SEOUL, President Moon Jae-in will likely face an uphill battle of denuclearizing North Korea when he meets North Korean leader Kim Jong-un later this month, an achievement that he said would mark a new chapter in history.

However, he may already be fighting an increasingly difficult battle, and on the domestic front, of keeping expectations in check.

"The president is still very cautious, and what he said over the past couple of days shows how he is trying to calm things down," an official from the presidential office Cheong Wa Dae said, while speaking on condition of anonymity.

On Wednesday, the president called for restraints.

"I ask you to work with the goal of laying a strong stepping stone for restoring the South-North relationship and ensuring peace and prosperity on the Korean Peninsula through the upcoming summit rather than working with too great a desire to resolve all problems at once," he said while meeting with a special committee headed by his chief of staff Im Jong-seok, preparing for Moon's summit with Kim on April 27.

Such caution follows recent reports at home and abroad on the possible outcome of the inter-Korean summit. While the Moon-Kim meeting, along with a separate summit between U.S. President Donald Trump and the North Korean leader set to follow, will be historical events, it is widely expected to mark the start of ridding the communist North of its nuclear weapons.

Moon too apparently sees his and Trump's upcoming summits with Kim as events with no parallels in history but says they will certainly not be the end.

"The North-U.S. summit will have a great meaning in the world's history in being held itself," he told the preparation committee meeting, adding they were only standing at the starting line of what he called a "long journey" toward peace and prosperity.

"It is a goal dreamt by everyone but realized by no one. We need extraordinary determination and confidence to go beyond division and confrontation and write a new history," he added.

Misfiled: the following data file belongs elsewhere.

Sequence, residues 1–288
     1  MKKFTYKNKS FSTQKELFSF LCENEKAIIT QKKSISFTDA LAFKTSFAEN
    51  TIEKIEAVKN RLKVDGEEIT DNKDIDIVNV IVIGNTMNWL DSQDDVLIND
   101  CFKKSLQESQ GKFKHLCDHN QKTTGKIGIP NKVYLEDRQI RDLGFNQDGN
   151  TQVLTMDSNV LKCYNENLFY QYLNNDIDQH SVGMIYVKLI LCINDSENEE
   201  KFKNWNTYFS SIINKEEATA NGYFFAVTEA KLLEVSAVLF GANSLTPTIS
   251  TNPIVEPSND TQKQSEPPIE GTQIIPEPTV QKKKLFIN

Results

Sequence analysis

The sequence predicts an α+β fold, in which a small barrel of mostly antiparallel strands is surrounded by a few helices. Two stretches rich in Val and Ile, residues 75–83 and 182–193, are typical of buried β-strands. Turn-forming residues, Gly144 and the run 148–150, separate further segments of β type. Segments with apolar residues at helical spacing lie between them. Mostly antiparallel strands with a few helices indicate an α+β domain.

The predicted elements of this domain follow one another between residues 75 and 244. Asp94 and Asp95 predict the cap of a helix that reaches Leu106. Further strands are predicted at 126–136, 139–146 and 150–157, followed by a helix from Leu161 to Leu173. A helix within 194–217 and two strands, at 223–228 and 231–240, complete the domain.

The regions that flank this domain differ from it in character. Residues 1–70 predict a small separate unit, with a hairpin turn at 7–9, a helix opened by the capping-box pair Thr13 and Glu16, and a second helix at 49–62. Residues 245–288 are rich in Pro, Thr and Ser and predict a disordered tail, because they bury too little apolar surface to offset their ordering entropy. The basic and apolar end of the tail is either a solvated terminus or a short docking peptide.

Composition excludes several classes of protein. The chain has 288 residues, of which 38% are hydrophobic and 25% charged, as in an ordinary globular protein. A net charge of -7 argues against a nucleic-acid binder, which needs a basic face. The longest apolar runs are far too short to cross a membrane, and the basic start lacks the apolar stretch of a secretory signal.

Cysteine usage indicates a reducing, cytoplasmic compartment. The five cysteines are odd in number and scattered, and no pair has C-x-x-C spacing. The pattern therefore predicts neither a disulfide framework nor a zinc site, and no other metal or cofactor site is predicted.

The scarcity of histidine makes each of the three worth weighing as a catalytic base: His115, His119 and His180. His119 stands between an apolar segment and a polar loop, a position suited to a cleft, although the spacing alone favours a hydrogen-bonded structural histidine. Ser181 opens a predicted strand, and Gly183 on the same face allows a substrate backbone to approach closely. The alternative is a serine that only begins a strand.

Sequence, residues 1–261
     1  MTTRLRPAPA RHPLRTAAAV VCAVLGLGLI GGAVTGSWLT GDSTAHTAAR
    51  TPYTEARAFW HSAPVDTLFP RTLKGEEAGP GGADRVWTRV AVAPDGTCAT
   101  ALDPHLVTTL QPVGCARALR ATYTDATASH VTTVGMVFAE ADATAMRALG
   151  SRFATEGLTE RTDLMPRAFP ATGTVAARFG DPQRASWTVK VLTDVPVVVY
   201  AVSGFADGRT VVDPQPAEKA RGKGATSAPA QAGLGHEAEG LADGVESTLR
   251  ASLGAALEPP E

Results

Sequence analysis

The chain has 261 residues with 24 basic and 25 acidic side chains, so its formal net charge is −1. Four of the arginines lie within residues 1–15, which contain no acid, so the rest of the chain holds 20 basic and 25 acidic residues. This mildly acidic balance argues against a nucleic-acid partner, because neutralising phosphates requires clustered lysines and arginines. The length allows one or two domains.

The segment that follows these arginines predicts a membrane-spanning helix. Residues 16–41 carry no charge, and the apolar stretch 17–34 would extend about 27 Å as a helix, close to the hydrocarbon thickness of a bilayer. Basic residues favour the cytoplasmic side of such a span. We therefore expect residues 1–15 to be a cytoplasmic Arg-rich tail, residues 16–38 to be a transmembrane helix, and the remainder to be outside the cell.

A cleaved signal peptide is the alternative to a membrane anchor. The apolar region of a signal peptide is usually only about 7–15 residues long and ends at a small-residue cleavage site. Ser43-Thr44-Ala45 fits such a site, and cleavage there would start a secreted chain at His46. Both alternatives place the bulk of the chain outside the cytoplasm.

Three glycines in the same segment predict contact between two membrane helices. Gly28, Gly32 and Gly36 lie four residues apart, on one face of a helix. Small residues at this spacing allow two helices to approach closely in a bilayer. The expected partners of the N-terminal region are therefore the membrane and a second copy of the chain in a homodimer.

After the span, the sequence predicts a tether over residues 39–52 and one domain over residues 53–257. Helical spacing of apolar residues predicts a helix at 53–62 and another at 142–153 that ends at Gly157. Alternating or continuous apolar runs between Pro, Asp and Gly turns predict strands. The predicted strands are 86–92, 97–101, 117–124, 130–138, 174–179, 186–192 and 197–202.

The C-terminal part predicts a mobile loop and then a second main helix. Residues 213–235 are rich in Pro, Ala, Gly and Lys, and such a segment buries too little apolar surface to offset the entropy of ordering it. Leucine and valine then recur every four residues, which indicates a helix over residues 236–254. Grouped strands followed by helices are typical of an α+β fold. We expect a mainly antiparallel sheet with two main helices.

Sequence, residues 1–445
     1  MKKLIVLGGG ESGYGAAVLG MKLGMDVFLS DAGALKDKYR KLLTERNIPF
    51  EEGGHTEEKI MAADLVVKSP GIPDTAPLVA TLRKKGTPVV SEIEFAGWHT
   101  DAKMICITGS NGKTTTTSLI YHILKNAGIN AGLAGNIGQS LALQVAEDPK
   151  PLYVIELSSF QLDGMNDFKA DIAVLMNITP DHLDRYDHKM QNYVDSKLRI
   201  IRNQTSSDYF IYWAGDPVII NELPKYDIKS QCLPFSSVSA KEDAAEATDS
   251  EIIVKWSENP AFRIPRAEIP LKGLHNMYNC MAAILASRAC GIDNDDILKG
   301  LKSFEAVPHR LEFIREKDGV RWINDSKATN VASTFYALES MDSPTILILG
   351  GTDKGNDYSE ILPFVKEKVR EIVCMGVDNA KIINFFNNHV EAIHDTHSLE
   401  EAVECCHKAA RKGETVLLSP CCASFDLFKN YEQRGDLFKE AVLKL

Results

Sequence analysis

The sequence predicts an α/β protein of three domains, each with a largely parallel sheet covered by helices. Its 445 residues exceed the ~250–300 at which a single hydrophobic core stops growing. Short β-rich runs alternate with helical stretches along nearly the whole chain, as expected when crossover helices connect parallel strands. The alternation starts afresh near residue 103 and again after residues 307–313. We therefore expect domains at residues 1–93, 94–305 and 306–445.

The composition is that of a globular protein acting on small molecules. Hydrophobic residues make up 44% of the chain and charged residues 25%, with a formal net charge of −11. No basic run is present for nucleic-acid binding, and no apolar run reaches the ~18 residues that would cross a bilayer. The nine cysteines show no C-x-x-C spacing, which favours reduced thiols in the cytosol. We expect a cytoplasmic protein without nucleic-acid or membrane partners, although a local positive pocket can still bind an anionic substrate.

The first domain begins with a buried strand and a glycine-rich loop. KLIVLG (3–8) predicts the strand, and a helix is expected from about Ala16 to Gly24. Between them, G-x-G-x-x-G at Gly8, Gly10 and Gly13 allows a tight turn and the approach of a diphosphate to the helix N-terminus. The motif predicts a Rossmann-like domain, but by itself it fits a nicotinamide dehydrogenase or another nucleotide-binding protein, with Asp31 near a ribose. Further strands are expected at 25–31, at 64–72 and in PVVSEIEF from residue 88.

History has proven Moon's point over and over.

The U.S. and North Korea signed the Agreed Framework in 1994 under which Pyongyang agreed to freeze its nuclear activities in exchange for international energy aid. But it fell through in 2002 as the U.S. uncovered the North's highly enriched uranium program, and the George W. Bush administration refused to implement energy assistance.

The North withdrew from the Nuclear Nonproliferation Treaty in 2003, prompting the start of the six-party denuclearization talks involving the two Koreas, the U.S., Japan, China and Russia.

The major agreements under the multilateral talks in 2005 and 2007 also collapsed amid differences over the goals and process of denuclearization and the North's continued provocations. The six-party negotiations have stalled since late 2008.

Moon has said the current conditions are far worse than they were 10 years ago.

"We have the experience of holding two South-North summits ... and were able to push for the upcoming summit because of such experience and results. But the current situation is more serious than at any other time in the past. Military tension has found a new peak, while South-North relations remained ruptured over the past 10 years with North Korea's nuclear and missile technologies advancing to a point where even the U.S. feels threatened," he said while meeting with his special advisers for the inter-Korean summit Thursday.

The Cheong Wa Dae official assured the president was fully intent on making as much progress as possible toward the denuclearization of North Korea when he meets its leader Kim.

"He is just concerned that hoping to get too much too soon may make any progress seem like a failure despite the little progress being a necessary step toward the goal of complete and verifiable denuclearization of the Korean Peninsula," he said.

"And he is especially concerned that such disappointment may hinder future dialogue with North Korea, again despite such dialogue being a necessary step toward denuclearization."

Source: Yonhap News Agency